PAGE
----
The first test to see why it's happening is to see if the IMEI is blacklisted for being lost or stolen, or for nonpayment. You can do this here. If it's blacklisted on one carrier, it's useless for all of them now. If you find that the IMEI is bad, the best thing you can do is to find the owner, or take it to the police and have them hold it for the required time before it legally becomes yours. Do not sell it or change the IMEI.
Changing the board is also a major risk. It could be blacklisted, damaged, or good. You may not know that it's still attached to an account or blacklisted until you know you got screwed. Your safest option is to call the carrier and ask them to try and allow it, but this will almost certainly not work. They only help the original person who signed the contract.
What you can try to do is restore the phone in Recovery Mode. This will allow you to see if the problem is caused by bad software or carrier files and if the phone needs new files from Apple's carrier activation server.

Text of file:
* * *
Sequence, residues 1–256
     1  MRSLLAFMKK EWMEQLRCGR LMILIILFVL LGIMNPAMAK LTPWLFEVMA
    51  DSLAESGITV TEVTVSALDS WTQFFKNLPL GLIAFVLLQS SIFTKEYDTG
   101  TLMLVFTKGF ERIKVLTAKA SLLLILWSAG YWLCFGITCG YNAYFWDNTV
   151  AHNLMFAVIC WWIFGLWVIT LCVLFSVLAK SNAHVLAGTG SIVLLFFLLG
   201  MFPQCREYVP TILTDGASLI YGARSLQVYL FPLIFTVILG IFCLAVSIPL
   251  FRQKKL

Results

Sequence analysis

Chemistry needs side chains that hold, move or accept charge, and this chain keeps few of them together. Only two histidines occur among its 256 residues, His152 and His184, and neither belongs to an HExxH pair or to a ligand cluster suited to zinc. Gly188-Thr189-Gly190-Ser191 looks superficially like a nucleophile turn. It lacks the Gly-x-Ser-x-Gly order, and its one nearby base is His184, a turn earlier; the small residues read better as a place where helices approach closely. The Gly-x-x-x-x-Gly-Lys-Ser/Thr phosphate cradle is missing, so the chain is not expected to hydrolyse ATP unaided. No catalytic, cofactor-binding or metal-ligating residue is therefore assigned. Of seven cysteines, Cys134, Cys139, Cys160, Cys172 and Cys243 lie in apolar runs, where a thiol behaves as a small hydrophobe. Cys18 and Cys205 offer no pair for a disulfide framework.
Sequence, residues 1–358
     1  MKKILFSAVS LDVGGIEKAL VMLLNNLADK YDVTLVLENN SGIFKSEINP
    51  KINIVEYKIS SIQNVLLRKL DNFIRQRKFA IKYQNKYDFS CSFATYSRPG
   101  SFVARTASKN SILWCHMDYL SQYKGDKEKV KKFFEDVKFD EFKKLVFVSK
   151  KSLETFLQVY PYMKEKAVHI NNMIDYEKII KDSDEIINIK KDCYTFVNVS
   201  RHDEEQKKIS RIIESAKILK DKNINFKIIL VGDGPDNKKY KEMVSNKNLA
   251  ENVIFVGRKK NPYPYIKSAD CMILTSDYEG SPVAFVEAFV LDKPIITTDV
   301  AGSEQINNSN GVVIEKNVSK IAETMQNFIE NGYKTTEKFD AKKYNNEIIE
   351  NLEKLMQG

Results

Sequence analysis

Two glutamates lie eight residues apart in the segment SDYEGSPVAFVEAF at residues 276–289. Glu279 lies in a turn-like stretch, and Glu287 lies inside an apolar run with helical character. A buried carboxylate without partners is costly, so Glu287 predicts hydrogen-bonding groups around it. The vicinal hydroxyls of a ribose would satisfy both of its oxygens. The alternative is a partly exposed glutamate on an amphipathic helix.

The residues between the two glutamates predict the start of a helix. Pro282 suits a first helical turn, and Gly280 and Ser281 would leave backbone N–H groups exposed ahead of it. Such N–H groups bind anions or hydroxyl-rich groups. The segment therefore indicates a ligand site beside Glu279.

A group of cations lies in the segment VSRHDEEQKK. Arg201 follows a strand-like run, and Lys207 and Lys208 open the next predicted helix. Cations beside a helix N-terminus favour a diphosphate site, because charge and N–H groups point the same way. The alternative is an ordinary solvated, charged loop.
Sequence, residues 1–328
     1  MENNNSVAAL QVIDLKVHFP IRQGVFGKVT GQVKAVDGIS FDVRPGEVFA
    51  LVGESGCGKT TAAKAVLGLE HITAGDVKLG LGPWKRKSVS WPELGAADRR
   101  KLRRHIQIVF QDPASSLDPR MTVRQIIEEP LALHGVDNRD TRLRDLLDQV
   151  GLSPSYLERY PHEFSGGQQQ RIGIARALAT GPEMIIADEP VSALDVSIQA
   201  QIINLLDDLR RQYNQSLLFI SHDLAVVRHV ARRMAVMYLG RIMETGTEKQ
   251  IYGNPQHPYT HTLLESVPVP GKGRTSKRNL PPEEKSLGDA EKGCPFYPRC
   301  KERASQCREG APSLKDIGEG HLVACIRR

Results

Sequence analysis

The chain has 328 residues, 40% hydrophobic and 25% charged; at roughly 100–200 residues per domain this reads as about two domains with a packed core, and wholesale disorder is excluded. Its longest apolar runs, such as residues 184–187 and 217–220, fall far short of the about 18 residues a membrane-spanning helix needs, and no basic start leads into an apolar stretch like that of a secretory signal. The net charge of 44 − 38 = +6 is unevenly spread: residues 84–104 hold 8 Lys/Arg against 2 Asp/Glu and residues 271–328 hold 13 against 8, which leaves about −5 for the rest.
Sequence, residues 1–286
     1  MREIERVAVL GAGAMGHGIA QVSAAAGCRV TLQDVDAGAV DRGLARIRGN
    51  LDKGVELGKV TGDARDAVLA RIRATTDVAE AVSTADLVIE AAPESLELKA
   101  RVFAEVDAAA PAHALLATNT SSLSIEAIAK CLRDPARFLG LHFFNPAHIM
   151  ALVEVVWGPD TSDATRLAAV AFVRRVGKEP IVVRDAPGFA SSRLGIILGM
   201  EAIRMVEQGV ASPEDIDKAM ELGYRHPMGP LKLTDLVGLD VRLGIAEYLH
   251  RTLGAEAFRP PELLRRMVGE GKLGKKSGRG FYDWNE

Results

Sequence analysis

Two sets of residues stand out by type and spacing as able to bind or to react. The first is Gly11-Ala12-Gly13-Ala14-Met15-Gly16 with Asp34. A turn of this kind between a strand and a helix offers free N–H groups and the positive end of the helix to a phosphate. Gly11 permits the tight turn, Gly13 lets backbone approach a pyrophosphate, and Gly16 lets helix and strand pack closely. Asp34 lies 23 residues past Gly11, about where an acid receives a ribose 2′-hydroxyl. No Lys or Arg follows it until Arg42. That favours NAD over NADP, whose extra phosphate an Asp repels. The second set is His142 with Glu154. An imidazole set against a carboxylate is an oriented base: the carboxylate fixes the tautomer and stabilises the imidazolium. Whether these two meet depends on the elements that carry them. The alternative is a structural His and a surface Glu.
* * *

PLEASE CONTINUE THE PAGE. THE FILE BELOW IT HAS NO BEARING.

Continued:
To do this, press and hold the power button and home button until the phone resets, and then when it gets to the Apple logo, let go of the power button. The phone should enter recovery mode. This won't fix every case, but it's worth a try.
If that doesn't help, it's a baseband issue. This means you need to replace the logic board, since the baseband chip is married to the board it's installed on. You really can't swap this easily. It's best to consider a baseband failure phone junk. The baseband chip that failed is on the board. Changing the antenna does nothing.